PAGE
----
By Caitlin Buck, Feis America LLC Contributor

It is not unusual for competitive Irish dancers to excel at other individual and team sports, and cross-training is key to endurance, execution and stamina.  When it comes to cross-training, many different kinds of athletes have chosen ballet over the years. World class divers, gymnasts, and figure skaters are famous for incorporating ballet training in their programs, but here are three examples that just might surprise you.

Several National Football League teams used ballet training during the 1970s.

Lynn Swann from the Pittsburg Steelers, arguably the ‘most graceful receiver’ in NFL history to date, was considered an, “Artist in the world of football.” He attributed his grace and poise to - you guessed it! - ballet training.

Willie Gault, Chicago Bears Super Bowl champion, world-class sprinter and bobsledder was labeled the “Speed merchant” of football and contributes speed and explosive power to his involvement in ballet. Injured National Hockey League goalie Ray Emery from the Anaheim Ducks was told that his playing career was finished due to injury. His rehabilitation after surgery included: ballet, yoga, pilates, and swimming to strengthen the core, hip and thigh muscles. Thanks to his recovery program he returned to his sport.

The benefits of ballet exercises extend to sport after sport, even to running! Researchers from the University of Calgary’s Running Injury Clinic have concluded that runners with knee pain benefit from an intensive hip-strengthening program. You too can cross-train in ballet exercises.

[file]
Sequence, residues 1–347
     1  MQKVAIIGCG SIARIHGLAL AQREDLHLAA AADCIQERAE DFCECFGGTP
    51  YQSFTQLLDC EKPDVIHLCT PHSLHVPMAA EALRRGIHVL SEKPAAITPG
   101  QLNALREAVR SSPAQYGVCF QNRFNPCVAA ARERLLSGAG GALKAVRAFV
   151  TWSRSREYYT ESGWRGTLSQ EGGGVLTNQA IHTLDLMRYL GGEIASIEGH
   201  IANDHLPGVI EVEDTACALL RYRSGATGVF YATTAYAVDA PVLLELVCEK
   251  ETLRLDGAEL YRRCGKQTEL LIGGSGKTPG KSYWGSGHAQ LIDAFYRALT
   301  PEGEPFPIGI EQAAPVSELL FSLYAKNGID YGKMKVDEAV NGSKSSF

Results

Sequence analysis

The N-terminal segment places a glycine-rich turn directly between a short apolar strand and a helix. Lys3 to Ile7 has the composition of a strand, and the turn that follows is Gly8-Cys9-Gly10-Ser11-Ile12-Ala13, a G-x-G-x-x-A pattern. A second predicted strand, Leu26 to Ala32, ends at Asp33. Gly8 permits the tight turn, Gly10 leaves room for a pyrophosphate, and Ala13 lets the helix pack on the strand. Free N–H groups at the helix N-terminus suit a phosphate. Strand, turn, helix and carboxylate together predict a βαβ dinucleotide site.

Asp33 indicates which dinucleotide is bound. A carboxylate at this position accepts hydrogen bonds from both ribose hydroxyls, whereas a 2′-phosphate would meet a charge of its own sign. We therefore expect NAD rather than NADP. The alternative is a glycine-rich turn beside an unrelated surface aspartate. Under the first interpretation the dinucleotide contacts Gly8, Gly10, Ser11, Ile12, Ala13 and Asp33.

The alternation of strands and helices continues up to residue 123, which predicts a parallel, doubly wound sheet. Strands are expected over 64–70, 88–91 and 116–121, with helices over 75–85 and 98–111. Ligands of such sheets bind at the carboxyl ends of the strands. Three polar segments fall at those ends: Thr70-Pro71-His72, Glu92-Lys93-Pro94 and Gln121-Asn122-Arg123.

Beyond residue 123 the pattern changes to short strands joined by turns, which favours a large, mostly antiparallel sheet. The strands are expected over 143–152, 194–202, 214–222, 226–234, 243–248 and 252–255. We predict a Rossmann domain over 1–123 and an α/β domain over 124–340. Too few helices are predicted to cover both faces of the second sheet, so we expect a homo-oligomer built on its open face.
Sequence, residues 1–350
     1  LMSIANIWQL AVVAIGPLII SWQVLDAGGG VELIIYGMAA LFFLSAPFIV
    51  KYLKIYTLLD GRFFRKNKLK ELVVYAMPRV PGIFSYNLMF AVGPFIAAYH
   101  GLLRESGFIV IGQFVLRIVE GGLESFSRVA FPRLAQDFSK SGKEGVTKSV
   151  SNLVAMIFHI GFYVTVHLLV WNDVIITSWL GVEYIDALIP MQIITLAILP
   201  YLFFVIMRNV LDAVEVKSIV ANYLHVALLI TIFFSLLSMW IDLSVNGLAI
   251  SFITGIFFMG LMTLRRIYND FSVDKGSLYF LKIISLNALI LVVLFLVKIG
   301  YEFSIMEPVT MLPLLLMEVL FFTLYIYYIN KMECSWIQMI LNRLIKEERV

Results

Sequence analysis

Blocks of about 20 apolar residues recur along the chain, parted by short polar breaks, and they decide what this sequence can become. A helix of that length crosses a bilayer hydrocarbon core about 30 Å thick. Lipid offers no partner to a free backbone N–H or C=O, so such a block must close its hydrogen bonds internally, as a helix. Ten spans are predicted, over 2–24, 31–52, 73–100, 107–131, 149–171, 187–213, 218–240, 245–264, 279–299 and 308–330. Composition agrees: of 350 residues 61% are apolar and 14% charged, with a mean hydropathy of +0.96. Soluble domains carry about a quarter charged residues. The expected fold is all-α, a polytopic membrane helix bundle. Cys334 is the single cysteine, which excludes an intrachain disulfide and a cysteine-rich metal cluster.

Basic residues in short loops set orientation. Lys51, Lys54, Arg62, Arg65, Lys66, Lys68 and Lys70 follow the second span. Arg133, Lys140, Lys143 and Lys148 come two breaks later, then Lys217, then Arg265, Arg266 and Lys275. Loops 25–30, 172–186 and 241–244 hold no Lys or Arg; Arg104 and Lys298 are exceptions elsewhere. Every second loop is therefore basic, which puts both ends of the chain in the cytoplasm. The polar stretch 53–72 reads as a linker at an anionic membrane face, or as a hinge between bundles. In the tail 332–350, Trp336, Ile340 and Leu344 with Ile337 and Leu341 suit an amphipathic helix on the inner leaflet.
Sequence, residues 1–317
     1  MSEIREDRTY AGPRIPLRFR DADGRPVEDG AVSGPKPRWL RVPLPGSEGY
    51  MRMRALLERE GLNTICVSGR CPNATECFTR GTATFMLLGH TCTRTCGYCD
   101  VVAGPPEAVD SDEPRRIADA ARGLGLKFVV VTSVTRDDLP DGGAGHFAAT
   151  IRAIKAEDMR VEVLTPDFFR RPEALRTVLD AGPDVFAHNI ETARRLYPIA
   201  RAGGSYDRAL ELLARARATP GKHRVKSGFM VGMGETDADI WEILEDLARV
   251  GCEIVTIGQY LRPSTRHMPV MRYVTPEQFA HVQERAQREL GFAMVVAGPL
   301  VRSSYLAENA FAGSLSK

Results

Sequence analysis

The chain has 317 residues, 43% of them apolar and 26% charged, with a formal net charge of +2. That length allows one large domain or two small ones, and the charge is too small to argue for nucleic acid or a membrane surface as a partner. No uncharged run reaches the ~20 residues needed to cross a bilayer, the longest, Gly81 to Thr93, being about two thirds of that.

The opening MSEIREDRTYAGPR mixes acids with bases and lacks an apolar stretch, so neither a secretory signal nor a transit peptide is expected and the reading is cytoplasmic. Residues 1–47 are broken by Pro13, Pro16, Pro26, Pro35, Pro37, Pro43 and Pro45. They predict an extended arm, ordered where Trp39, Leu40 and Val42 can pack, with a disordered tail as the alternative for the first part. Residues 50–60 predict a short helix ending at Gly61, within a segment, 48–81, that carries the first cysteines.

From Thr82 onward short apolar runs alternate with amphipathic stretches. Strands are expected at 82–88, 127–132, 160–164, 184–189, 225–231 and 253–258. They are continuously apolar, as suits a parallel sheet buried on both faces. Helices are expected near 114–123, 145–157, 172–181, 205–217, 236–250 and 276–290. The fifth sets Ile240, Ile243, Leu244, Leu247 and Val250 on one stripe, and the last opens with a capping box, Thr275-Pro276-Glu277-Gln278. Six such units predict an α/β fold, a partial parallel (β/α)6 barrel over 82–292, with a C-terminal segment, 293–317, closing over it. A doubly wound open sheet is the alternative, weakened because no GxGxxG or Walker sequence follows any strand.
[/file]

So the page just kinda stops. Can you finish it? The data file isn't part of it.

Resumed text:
Here are a few suggestions besides enrolling in a studio near you:

Online ballet classes are offered on many websites including Ballet Beautiful. Natalie Portman is reported to have used Ballet Beautiful whist training for her role in the movie Black Swan.

Purchase a ballet DVD workout! I have used the New York City Ballet Workout DVD for five years. It has classic exercises that improve turn out, build leg muscles, abs, and increase your flexibility through a series of floor stretches. If you want to add height to your clicks and kicks, I recommend this one.

Kathryn Morgan is a dancer with the New York City Ballet. She writes posts daily on ballet exercises. For absolutely no cost you can follow her on Facebook and read her notes on fantastic exercises to build great turn out, points, leaps, and flexibility. Thanks to her I was able to get rid of my chronic shin splints, and improve my leaps.

Finally, as Treva Bedinghaus wrote, “The health benefits of taking ballet lessons are endless. Ballet is a form of exercise that requires the dancer to work many of the major muscle groups at once. Ballet lessons also promote strength and flexibility, as many of the traditional steps of ballet require strong, limber bodies. Balance is also a benefit of ballet lessons, as ballet dancers must learn how to properly control every part of their bodies while holding perfect posture.”

How do you cross-train as an Irish dancer? Share your story - you never know how many you will inspire!

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